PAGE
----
Labor & Employment » Cosby Released, But Not Exonerated

Cosby Released, But Not Exonerated

By Philip R. Voluck and Jennifer L. Prior

October 1, 2021

Cosby Released, But Not Exonerated

Philip R. Voluck is co-chair of the Labor and Employment Practice at Kaufman Dolowich & Voluck. He concentrates his practice in the area of employment practices liability defense.

Jennifer L. Prior is an associate at Kaufman Dolowich & Voluck. She focuses her practice in the area of employment practices liability defense.

The decade known as the “20-teens” will be remembered for the #MeToo Movement, which dramatically changed the way people behave at work. Awareness about sexual violence in the workplace soon followed, with the hope that it would empower victims to come forward. To that end, states such as New York and New Jersey have enacted laws prohibiting non-disclosure agreements in sexual misconduct settlements. As the #MeToo Movement gained momentum, the U.S. Equal Employment Opportunity Commission reported that while the overall number of workplace discrimination complaints it received decreased, sexual harassment complaints increased as more victims opted to formally report. Essentially, employers were put on notice that the old workplace mores were no longer acceptable. 

The first high-profile conviction came in Bill Cosby’s sexual assault trial. However, the Pennsylvania Supreme Court’s recent decision overturning the conviction has left the perception that the American worker was betrayed by the proverbial system. This simply did not happen. The conviction was overturned because the Court decided to enforce an agreement between Cosby and a prior District Attorney not to prosecute Cosby, in exchange for his deposition testimony in the civil case filed by “first victim” Andrea Constand, who ultimately became the face of Cosby’s downfall.

The Court recognized that Cosby “freely” made incriminating statements during his deposition in reliance on the agreement. Those statements were later used against him in his criminal trial. The prosecuting District Attorney said that Cosby “was found guilty by a jury and now goes free on a procedural issue that is irrelevant to the facts of the crime.”

Reliance on a District Attorney’s pledge not to prosecute is more than a mere procedural issue, but the narrative that Cosby has been exonerated is false nonetheless and needs to be put to rest. Even prior to the recent Cosby decision, female employees generally felt uncomfortable reporting sexual harassment. According to the most recent literature review from the National Academies of Sciences, Engineering, and Medicine, female employees who experience sexual harassment tend to avoid their harasser or resign rather than formally reporting the harassment, often due to “an accurate perception that they may experience retaliation or other negative outcomes associated with their personal and professional lives.”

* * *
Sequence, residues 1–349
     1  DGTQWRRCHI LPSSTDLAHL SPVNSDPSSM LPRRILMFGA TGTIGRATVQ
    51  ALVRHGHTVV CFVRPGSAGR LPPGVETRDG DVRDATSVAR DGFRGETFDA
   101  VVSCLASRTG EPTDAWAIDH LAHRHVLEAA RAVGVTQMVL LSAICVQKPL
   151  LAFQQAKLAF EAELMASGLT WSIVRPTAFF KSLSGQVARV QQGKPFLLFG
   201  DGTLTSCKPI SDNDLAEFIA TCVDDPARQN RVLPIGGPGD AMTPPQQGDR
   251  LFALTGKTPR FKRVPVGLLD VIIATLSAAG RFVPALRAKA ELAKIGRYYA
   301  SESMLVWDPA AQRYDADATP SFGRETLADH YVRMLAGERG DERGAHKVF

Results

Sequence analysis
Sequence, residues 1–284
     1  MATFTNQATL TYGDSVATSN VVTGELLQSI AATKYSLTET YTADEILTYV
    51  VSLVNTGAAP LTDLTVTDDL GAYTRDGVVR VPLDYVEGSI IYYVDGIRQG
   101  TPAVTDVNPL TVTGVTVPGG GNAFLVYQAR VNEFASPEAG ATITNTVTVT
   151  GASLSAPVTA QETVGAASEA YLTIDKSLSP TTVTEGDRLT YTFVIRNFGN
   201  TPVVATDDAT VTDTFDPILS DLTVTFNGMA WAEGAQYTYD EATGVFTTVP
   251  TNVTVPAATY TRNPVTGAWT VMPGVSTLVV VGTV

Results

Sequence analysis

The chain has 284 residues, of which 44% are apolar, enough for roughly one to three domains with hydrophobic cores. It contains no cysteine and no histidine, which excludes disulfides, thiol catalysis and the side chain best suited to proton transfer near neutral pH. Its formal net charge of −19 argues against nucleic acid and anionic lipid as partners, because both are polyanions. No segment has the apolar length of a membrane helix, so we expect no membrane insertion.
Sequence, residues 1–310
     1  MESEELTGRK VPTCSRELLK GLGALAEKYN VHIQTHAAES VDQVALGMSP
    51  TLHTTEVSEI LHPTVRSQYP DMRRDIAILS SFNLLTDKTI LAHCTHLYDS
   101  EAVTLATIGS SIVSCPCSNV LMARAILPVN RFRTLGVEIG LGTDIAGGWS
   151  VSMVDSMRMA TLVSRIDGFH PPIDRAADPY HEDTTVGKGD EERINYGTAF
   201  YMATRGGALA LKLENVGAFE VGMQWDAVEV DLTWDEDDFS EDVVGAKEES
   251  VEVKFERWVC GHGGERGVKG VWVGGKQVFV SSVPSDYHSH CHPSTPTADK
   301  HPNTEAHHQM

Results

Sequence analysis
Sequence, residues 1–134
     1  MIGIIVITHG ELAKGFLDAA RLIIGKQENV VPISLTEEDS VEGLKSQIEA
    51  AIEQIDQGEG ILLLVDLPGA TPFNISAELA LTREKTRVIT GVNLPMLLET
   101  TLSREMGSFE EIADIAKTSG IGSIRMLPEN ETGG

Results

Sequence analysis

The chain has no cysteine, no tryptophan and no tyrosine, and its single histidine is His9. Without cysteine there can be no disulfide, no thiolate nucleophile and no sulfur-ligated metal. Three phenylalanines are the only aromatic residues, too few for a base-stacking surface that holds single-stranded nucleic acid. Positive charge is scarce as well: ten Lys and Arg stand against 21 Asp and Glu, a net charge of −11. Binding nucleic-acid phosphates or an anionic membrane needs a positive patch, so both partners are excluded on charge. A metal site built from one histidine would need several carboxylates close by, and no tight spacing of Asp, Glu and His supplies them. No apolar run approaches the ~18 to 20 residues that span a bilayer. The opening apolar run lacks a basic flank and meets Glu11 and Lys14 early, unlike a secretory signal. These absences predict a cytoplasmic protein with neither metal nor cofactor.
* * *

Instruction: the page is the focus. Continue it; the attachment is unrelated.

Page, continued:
There are multiple lessons employers can learn from the Cosby saga, beginning with its origins at Temple University, which totally botched its response to Constand’s complaint.  Officially, the University stated that it awaited taking any action pending the outcome of the criminal investigation by the District Attorney, which concluded without an indictment against Cosby. David Adamany, Temple’s president at the time and Cosby’s fellow board trustee, stated that the Constand matter was never discussed and that it was a “non-issue,” since the alleged misconduct occurred off campus.

That explanation just does not stand up legally. Employers are obligated to immediately investigate all harassment allegations, regardless of whether they arose outside the workplace, and regardless of the status of any criminal investigations.  Companies should also have procedures in place for investigating allegations of misconduct against owners and upper management.

Before the workplace becomes polluted with false information about the Cosby case, employers should double down on staff training, focusing on victim empowerment and the importance of reporting. The reason goes beyond justice for the victim. It helps create a workplace culture that rejects harassment and embraces employee safety.

Procedures that remove barriers to reporting are essential. They should provide multiple options for complaints to avoid, for example, requiring the employee to complain to the person who was harassing her. Employers should train supervisors how to respond and require them to report the complaint to Human Resources or face disciplinary action.

In summary, employers need to be proactive in preventing the pendulum from swinging back to a pre-#MeToo culture in which harassment was widely tolerated, if not completely ignored.

Daily Updates

Sign up for our free daily newsletter for the latest news and business legal developments.

Scroll to Top